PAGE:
Back to Top | Article Outline

Identification of Population Surveys and Inclusion Criteria

Three team members conducted independent online search for household survey databases. First, we searched abstracts in electronic databases for the literature that reported estimates on CAM utilization from population-based, general household, or military self-report surveys (Fig. 1). The electronic databases PubMed, CINAHL, Embase, Psycinfo, Pilots, Embase, Google scholar, and The Cochrane Library were accessed to identify appropriate articles, as described in original study report.22 Searches were conducted between January and June 2012 and updated on January 2014. No time frame was imposed on survey administration. Keywords included: “CAM,” “complementary medicine,” “alternative medicine,” “household survey,” “population survey,” and “probability survey.” We also searched selected Web sites to discover articles and reports that did not result in peer review publications, including DoD, Military and Veterans Health Administration, World Health Organization, and National Center of Health Statistics.

Abstracts and reports were included if the survey was population based (or used random selection of military respondents) and queried at least 1 CAM. We utilized the National Center for Complementary and Alternative Medicine’s classification of CAM24 for inclusion criteria. CAM therapies are classified into: (1) biologically based practices, (2) mind/body practices, (3) manipulative and body-based practices, (4) energy-based interventions, and (5) whole medical systems. Some private surveys could not be included as the results are proprietary and perceived to be less relevant to our purposes. Survey instruments were located from survey sponsors documentation when available, or from the authors’ description.

Back to Top | Article Outline

Content Analysis

To facilitate analysis, we created a data collection instrument for extracting information from the retrieved survey documentation and publications. If CAM questions were administered in multiple years, we abstracted information from the most recent survey. Elements extracted included survey year, sponsor, study design, population sampled, specific CAM questions, variables that define military/veteran status, and main CAM results. Estimates on CAM utilization were taken from peer-reviewed literature, or in some cases, the sponsoring Web site if data were not published. Team members reviewed all documentation manuals, read main reports and publications, and consulted study’s Web site. A third team member reviewed survey information to ensure its completeness and clarity.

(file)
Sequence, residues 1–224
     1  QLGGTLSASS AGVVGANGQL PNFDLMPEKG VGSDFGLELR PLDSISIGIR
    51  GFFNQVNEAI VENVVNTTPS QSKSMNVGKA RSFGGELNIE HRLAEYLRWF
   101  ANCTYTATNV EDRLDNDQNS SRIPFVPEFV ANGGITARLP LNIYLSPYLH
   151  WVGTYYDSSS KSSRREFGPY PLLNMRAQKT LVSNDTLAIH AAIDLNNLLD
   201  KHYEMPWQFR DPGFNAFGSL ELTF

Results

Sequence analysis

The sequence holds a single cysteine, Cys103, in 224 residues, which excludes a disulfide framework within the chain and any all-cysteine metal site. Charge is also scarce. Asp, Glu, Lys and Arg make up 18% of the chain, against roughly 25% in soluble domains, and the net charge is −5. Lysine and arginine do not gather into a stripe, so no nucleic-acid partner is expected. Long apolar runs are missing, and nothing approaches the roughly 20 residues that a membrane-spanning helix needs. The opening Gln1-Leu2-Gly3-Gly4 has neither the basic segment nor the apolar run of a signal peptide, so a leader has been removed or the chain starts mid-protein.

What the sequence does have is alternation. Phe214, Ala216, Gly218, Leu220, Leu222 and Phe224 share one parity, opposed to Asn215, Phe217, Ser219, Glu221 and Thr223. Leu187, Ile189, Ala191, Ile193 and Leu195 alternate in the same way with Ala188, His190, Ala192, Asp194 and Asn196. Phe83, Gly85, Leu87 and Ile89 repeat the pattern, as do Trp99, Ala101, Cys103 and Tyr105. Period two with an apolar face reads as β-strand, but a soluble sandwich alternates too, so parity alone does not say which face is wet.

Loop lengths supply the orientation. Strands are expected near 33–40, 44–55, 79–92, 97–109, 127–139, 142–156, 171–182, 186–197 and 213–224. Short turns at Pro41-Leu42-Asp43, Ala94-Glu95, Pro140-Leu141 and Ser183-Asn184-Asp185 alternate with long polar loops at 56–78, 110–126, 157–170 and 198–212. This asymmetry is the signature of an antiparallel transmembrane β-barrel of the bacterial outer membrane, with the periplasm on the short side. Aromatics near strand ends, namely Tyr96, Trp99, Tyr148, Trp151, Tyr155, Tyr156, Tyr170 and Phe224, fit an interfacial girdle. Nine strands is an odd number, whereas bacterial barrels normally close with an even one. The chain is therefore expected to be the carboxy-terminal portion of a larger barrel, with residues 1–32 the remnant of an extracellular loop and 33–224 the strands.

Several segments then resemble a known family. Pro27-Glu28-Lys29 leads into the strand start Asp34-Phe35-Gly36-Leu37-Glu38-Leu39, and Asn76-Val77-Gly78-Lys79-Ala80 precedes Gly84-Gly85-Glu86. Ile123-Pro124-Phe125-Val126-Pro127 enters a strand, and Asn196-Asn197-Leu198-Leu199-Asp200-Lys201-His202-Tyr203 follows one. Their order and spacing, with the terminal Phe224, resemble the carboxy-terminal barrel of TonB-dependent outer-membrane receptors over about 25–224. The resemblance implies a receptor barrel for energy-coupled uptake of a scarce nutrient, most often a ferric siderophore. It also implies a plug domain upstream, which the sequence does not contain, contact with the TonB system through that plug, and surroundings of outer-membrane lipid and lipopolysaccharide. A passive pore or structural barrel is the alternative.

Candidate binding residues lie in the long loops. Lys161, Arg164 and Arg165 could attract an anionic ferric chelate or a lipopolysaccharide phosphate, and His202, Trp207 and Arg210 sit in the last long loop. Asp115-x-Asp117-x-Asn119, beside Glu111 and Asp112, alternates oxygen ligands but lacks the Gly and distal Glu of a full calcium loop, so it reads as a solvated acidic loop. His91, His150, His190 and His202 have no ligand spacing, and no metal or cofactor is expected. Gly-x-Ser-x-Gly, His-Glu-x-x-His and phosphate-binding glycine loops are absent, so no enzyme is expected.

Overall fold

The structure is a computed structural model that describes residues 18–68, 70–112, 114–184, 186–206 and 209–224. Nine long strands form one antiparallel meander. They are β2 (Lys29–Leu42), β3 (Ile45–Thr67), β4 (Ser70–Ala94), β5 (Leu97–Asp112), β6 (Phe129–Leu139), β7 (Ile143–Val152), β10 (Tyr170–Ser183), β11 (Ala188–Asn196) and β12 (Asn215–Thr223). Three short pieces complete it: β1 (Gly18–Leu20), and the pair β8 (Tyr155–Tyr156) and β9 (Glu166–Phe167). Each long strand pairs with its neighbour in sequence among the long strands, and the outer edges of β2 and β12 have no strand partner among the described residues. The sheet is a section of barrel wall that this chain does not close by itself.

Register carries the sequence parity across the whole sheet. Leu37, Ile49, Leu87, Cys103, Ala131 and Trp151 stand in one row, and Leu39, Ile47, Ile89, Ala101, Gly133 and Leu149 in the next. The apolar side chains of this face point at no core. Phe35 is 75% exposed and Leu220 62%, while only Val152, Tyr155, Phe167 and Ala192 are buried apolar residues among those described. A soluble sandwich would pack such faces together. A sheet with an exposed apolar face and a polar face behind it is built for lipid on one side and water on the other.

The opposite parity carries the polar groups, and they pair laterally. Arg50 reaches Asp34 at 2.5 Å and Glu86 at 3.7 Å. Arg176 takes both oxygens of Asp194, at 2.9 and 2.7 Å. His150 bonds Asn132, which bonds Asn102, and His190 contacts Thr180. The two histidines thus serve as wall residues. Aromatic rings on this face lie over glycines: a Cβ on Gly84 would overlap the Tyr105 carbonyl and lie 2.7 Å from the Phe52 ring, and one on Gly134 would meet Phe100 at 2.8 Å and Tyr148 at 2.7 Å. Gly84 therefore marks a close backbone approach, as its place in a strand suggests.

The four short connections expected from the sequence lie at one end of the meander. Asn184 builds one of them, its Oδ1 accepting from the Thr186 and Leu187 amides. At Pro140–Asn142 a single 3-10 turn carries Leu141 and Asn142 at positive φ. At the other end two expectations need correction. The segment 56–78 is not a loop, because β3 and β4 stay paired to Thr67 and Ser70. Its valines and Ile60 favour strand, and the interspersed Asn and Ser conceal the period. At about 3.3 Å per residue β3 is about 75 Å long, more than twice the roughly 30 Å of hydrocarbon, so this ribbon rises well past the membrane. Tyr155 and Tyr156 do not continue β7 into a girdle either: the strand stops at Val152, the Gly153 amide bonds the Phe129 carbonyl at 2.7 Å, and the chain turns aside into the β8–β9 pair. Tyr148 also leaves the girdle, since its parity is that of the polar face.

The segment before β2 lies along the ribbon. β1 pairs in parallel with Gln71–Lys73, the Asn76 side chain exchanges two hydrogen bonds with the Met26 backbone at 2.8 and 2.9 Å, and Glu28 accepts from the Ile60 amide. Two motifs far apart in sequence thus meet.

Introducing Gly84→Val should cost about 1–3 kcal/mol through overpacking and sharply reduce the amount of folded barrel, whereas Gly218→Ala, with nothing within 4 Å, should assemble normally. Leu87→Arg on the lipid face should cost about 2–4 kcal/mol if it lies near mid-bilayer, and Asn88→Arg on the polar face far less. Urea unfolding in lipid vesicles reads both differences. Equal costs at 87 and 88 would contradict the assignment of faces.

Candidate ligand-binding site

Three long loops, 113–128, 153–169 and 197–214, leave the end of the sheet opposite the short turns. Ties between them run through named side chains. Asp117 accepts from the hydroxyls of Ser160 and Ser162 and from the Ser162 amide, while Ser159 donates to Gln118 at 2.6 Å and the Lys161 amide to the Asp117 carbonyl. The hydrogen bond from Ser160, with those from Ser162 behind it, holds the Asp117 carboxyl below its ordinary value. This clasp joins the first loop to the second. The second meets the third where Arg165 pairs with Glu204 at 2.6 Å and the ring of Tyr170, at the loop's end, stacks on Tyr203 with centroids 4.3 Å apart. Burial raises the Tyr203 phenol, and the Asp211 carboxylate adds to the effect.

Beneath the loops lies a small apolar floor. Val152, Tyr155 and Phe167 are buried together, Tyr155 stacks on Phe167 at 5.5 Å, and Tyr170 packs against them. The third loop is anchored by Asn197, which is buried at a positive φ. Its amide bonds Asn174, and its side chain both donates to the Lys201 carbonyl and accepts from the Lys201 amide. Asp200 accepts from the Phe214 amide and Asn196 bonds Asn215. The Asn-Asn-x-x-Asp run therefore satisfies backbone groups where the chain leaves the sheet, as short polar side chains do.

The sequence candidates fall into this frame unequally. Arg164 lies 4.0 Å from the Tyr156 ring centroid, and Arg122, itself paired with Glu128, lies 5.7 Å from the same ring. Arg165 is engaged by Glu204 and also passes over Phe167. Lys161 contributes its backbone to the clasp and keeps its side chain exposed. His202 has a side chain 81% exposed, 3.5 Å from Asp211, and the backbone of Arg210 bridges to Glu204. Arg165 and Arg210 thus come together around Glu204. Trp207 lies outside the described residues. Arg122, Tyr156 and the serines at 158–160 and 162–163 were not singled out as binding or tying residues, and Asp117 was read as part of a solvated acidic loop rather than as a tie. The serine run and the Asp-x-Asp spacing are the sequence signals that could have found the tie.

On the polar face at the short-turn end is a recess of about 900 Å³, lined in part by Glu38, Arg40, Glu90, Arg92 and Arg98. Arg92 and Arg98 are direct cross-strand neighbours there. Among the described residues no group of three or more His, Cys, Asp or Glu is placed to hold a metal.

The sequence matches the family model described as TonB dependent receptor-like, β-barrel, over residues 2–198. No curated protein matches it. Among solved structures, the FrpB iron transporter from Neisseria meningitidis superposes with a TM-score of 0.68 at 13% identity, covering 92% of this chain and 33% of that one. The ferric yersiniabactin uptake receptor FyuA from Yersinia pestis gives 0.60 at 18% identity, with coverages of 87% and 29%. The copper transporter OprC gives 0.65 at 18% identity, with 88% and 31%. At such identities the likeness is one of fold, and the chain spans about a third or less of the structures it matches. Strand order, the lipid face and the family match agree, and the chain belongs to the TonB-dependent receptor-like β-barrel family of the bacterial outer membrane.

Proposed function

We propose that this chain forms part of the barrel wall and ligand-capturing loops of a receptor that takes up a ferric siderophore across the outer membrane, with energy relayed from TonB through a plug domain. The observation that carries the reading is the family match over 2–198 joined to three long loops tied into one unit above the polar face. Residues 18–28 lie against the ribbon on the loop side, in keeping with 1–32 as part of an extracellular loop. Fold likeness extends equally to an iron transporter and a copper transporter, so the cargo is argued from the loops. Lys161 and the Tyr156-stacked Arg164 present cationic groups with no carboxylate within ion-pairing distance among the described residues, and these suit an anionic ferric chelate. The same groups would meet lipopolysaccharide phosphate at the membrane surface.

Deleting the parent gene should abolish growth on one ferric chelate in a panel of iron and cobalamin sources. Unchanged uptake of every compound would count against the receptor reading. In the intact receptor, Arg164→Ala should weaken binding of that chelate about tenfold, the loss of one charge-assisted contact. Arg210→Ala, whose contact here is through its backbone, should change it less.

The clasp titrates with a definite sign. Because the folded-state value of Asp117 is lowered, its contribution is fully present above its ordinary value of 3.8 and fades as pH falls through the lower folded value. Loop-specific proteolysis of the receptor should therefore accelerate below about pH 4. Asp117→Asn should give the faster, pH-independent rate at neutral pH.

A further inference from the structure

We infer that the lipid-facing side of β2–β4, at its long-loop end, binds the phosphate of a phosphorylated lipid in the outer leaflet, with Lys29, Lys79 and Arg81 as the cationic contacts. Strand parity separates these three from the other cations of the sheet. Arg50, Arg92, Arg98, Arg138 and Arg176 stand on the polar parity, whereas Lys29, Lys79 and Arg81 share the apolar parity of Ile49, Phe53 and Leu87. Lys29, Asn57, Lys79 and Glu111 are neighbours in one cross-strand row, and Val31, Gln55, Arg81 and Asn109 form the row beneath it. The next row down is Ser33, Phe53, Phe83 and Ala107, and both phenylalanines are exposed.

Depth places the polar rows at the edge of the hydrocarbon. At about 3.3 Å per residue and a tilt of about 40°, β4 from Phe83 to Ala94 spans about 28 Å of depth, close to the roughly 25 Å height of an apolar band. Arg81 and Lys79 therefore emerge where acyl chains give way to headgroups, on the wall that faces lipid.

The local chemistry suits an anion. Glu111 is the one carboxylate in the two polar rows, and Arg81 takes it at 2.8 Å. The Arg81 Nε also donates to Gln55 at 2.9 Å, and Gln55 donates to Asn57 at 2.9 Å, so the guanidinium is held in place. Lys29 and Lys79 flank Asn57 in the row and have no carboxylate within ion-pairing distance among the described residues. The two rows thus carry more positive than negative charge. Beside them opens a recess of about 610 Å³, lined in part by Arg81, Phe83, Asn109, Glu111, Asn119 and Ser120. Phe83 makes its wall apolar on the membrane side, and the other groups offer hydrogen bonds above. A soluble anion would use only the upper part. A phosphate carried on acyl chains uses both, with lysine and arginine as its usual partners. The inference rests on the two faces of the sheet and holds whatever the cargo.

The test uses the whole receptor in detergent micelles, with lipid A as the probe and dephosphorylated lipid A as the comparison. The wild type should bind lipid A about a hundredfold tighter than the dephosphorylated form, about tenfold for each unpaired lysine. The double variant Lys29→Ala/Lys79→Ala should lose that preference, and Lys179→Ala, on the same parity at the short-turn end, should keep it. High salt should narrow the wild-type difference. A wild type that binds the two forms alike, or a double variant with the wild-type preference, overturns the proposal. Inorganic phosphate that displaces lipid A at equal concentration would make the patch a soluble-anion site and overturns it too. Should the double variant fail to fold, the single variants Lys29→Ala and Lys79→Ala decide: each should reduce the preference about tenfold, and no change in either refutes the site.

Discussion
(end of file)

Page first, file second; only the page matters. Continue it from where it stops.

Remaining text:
Back to Top | Article Outline

Gap Analysis

For analytic purposes we divided surveys with CAM items into 3 tiers (Table 1). Tier 1 was defined as surveys of military-related populations or patients including military members, their dependents, and/or veterans. Tier 2 was defined as surveys that queried general household members or patients and included a question to identify the respondent’s military or veteran status. Tier 3 was defined as surveys of general household members or patients without a question on veteran or military status. The main comparisons presented here are between surveys in tiers 1 and 2.

To compare and summarize data we developed 3 tables. Table 1 provides surveys identified in all 3 tiers. For brevity, we attached initials to identify each survey. It should be noted that even though many of the third tier surveys are widely used to report CAM use, we did not include them in our other analyses because they could not provide information regarding military-related use. Table 2 compares the percentage of military/veterans who used CAM during a prior 12-month period. For this table, we created patient and nonpatient respondent subgroups. For gap analysis we included a list of tier 2 household surveys that could offer additional military-related data through subpopulation analysis. Table 3 presents self-report behavioral health conditions queried on tier 1 and tier 2 surveys.

Back to Top | Article Outline


Survey Administration and Respondent Groups